Some private insurance companies that provide Medicare Advantage plans have been defrauding Medicare (and taxpayers) to the tune of $10 billion per year. Federal officials are aware of this, as are the Centers for Medicare and Medicaid Services (CMS). All of the agencies involved are finally ready to take action to recoup the money stolen through the Medicare Advantage fraud.
How did the fraud happen?
Medicare Advantage plans are provided by private insurance companies. When they pay providers for patient care, Medicare reimburses them using a formula called a “risk score.” This procedure was established in 2003 to ensure Medicare Advantage plans didn’t shy away from covering sicker patients.
According to Kaiser Health News, some plans have regularly exaggerated how sick their patients were and how many illnesses they had. For example, some plans reported that their diabetic patients also suffered from eye and kidney problems, although the patients did not.
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How did the plans get away with it?
These plans have been getting away with this because most insurers will go years without being audited by CMS, which is when the agency confirms appropriate billing practices. If the plans are found to have committed fraud, they are only fined a few hundred thousand dollars–a small percentage of the money they have stolen.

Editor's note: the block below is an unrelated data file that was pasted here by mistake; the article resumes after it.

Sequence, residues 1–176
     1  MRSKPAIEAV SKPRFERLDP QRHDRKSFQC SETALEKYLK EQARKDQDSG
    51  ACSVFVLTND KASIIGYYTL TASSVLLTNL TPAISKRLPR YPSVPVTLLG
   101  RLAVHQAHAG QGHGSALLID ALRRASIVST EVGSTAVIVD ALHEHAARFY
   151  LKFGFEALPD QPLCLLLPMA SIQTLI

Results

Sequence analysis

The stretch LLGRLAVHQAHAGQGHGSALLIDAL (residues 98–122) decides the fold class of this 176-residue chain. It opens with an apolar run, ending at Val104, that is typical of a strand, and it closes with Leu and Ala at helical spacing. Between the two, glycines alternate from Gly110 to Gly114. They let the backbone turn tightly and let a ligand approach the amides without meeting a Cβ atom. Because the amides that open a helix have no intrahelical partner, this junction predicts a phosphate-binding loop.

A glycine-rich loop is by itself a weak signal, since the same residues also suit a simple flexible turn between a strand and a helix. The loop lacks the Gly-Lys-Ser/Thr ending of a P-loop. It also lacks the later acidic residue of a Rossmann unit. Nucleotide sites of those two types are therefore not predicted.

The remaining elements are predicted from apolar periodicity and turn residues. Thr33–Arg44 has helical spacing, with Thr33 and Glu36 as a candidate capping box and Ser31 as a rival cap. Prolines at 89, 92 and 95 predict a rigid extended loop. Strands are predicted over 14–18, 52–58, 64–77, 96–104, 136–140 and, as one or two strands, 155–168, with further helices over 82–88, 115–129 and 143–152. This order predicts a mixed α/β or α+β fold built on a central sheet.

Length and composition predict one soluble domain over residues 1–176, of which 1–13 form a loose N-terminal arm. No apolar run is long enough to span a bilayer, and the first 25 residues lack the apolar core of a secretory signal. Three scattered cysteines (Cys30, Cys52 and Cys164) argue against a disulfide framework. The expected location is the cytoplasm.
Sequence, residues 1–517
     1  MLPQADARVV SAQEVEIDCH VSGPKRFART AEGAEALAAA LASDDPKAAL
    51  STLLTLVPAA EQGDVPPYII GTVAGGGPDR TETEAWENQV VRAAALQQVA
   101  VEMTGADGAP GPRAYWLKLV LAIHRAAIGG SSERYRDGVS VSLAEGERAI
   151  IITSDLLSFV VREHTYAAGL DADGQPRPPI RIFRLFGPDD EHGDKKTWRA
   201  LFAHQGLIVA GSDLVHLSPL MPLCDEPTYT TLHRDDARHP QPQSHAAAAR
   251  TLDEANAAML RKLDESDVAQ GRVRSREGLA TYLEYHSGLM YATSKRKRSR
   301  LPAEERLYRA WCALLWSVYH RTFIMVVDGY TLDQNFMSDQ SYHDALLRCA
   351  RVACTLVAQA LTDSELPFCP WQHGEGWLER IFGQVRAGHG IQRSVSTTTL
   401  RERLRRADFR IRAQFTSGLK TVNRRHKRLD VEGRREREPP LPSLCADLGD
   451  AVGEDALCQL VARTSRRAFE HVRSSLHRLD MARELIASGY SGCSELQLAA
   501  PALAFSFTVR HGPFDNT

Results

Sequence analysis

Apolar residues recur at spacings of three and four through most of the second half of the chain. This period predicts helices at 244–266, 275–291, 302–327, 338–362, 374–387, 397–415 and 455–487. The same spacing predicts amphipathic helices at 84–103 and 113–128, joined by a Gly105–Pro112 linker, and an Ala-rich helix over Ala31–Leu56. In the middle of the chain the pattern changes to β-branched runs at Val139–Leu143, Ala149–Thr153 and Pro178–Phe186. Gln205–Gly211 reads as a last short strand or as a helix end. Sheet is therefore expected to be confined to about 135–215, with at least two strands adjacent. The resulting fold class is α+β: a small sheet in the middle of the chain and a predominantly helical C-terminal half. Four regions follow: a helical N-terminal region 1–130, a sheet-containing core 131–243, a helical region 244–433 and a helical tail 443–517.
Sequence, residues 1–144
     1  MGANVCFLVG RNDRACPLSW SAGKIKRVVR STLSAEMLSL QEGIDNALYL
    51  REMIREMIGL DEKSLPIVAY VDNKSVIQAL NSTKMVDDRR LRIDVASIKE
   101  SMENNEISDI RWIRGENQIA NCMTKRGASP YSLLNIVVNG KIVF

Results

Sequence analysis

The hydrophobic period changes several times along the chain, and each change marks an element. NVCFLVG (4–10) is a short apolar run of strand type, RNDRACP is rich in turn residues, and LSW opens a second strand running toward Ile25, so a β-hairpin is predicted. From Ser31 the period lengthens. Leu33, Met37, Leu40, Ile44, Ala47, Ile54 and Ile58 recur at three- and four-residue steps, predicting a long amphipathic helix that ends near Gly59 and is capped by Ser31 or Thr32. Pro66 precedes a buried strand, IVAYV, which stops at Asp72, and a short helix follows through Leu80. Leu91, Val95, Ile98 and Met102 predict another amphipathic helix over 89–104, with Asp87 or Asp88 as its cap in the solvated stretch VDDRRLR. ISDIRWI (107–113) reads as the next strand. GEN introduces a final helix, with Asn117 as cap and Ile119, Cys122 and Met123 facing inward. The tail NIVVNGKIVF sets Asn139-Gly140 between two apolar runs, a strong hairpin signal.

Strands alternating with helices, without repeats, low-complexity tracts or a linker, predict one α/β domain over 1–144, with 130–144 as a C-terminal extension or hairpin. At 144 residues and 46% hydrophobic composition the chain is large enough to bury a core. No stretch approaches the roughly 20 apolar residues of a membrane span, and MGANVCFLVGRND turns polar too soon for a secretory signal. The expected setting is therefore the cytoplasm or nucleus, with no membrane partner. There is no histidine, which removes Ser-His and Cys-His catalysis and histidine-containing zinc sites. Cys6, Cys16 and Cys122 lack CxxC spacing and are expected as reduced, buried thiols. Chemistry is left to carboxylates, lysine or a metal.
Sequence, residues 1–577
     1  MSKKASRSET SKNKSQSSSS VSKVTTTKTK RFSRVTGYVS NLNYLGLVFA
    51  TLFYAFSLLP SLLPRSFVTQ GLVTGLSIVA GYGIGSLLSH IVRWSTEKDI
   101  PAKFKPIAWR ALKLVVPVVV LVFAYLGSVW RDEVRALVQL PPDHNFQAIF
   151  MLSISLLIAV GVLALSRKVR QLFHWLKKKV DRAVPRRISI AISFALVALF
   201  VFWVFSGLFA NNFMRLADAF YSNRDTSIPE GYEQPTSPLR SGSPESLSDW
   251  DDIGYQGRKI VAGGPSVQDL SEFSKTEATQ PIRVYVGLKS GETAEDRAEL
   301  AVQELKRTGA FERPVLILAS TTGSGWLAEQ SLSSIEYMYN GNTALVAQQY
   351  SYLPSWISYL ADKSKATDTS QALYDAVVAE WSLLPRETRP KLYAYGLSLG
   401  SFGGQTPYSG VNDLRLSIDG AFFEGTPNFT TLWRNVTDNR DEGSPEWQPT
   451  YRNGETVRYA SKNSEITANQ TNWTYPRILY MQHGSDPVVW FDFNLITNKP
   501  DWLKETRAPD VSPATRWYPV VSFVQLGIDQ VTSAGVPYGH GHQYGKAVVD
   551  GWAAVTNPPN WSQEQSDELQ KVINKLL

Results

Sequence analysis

Another reason for the prolonged Medicare Advantage fraud is that these plans are owned by private insurance companies who hold a lot of lobbying power. CMS was made aware of this problem in the past, but backed off from efforts to correct the situation through lobbying intimidation.
How bad is it?
Plans committing fraud have cost taxpayers $30 billion over the past three years alone.
In an audit of 37 Medicare Advantage plans, auditors were only able to confirm 60 percent of more than 200,000 health conditions. This means nearly half of all reported medical conditions were falsified.
Political analyst and Senator Claire McCaskill (D-MO) says government officials must push back against the powerful private insurance lobby and demand refunds for the inappropriate billing.
“There are a lot of things that could cause Medicare to go broke,” she said. “This would be one of the contributing factors; $10 billion a year is real money.”
What happens next?
CMS has released a list of plans committing Medicare Advantage fraud, but it has not disclosed how much each plan owes in repayment.
The agency also has a plan to recoup $1 billion by 2020 using a new method of audits called extrapolation audits. CMS officials said they have already performed nearly 100 extrapolation audits for payments between 2011 and 2013, which are expected to recoup about $650 million.
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